In light of the recent Africrypt saga, the South African Financial Sector Conduct Authority (FSCA) has stated that it is in the process of considering declaring crypto assets as a financial product, giving the regulator jurisdiction over crypto transactions.
Within the space of one year, South Africa has produced not one, but two, massive crypto scams, resulting in millions of Rands disappearing into thin air. The first being Mirror Trading International (MTI), which was labeled as 2020’s biggest scam by blockchain analysis company, Chainalysis. As a result of the MTI scam, investors are said to have lost nearly R9 billion.
The latest crypto scam, making global headlines, was run by a company formed in 2019 called Africrypt. Africrypt was created by South African brothers, Ameer and Raees Cajee, who have since disappeared.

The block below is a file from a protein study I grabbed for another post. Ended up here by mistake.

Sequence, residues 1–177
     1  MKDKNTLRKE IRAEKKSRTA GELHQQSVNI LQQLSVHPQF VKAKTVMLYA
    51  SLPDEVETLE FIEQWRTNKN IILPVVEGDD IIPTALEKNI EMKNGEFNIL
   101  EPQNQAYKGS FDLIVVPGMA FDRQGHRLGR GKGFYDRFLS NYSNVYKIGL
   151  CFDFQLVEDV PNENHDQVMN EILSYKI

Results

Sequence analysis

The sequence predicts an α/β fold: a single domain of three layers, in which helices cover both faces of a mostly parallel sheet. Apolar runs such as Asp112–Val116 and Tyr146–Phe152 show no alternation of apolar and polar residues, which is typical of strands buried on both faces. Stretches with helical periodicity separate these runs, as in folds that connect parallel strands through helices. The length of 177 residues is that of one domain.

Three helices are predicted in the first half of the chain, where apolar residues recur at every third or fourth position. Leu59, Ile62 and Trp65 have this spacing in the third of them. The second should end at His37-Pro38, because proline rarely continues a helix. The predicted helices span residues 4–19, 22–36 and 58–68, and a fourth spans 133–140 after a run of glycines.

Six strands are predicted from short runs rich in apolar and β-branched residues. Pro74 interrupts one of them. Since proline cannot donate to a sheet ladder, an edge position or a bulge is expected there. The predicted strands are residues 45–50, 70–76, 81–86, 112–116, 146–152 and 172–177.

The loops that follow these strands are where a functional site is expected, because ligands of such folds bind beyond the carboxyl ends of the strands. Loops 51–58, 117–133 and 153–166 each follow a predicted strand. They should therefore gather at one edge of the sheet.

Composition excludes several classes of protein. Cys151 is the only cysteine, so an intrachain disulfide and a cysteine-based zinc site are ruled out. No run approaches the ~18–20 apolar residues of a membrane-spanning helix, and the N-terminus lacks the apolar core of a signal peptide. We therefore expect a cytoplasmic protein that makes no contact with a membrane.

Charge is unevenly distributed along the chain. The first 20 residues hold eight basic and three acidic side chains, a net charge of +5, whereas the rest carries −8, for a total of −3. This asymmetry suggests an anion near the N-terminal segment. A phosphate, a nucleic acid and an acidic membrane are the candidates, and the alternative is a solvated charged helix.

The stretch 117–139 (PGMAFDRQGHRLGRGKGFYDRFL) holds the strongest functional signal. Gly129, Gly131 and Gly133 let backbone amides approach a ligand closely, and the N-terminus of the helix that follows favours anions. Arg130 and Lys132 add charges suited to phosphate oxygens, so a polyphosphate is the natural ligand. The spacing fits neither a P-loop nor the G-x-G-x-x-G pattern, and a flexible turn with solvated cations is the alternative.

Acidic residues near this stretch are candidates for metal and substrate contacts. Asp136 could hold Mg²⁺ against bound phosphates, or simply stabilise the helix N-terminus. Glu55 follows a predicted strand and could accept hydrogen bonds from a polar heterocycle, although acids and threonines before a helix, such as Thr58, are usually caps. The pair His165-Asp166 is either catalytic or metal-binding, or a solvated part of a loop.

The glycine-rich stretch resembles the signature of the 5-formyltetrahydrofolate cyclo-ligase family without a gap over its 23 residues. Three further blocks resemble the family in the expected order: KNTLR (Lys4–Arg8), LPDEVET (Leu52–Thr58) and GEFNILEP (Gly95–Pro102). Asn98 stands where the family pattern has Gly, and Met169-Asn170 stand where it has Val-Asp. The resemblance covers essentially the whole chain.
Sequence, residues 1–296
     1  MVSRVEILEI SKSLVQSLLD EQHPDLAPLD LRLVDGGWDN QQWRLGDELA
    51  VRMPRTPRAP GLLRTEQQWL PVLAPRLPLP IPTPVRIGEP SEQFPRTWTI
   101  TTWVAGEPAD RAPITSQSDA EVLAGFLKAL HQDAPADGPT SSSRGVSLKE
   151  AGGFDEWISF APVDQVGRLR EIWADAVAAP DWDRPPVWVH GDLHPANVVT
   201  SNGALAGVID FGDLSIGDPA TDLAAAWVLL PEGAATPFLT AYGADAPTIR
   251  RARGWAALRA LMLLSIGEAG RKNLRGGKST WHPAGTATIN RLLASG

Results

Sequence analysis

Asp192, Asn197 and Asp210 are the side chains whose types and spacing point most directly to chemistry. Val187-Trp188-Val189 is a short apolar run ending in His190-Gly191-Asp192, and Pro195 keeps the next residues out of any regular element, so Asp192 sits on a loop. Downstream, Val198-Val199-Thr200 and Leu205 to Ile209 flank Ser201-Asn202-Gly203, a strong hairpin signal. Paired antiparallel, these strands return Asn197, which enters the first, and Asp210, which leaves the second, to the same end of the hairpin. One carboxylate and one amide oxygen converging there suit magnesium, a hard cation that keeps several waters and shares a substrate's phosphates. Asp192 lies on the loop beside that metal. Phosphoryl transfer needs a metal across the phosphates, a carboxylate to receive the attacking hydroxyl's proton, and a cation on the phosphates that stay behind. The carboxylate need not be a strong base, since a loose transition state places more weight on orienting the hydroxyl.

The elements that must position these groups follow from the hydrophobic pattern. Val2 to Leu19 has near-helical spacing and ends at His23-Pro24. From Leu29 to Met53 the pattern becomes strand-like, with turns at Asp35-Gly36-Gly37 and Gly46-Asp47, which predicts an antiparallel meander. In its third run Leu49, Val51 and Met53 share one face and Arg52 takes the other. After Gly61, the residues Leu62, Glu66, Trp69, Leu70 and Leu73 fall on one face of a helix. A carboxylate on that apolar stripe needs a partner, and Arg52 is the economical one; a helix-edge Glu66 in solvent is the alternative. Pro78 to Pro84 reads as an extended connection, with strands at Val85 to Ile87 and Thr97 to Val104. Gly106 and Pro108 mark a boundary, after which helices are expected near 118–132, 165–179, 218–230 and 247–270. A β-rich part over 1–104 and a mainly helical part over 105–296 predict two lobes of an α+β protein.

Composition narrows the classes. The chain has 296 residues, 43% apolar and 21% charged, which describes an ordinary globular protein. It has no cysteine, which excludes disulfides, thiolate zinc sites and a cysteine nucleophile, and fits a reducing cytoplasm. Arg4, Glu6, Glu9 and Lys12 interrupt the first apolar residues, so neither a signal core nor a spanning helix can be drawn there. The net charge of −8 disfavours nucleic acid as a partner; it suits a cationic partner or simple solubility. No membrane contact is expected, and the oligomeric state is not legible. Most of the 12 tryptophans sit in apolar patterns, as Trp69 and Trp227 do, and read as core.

Africrypt reportedly had several high profile South Africans among its investors. The company claimed to have been hacked on or around April 13 2021, with an alleged R54 billion swiped out of multiple wallets controlled by directors of the company in a matter of hours.
Global Crypto has conducted extensive research, but is unable to confirm if the alleged figure of R54 billion is accurate. If accurate, this could potentially make Africrypt the biggest cryptocurrency heist in history.
Commenting on the Africrypt situation, in a recent press release, the FSCA said:
“To protect the public, the authority is in the process of considering declaring crypto assets as a financial product, which would give the FSCA jurisdiction over these transactions.”
As it stands, the FSCA is completely powerless with regards to crypto transactions. The regulator said that they have discovered evidence of crypto asset transactions, but they are unable to act on them because crypto assets are currently not regulated in South Africa.
Feature image by Block Inspect from flickr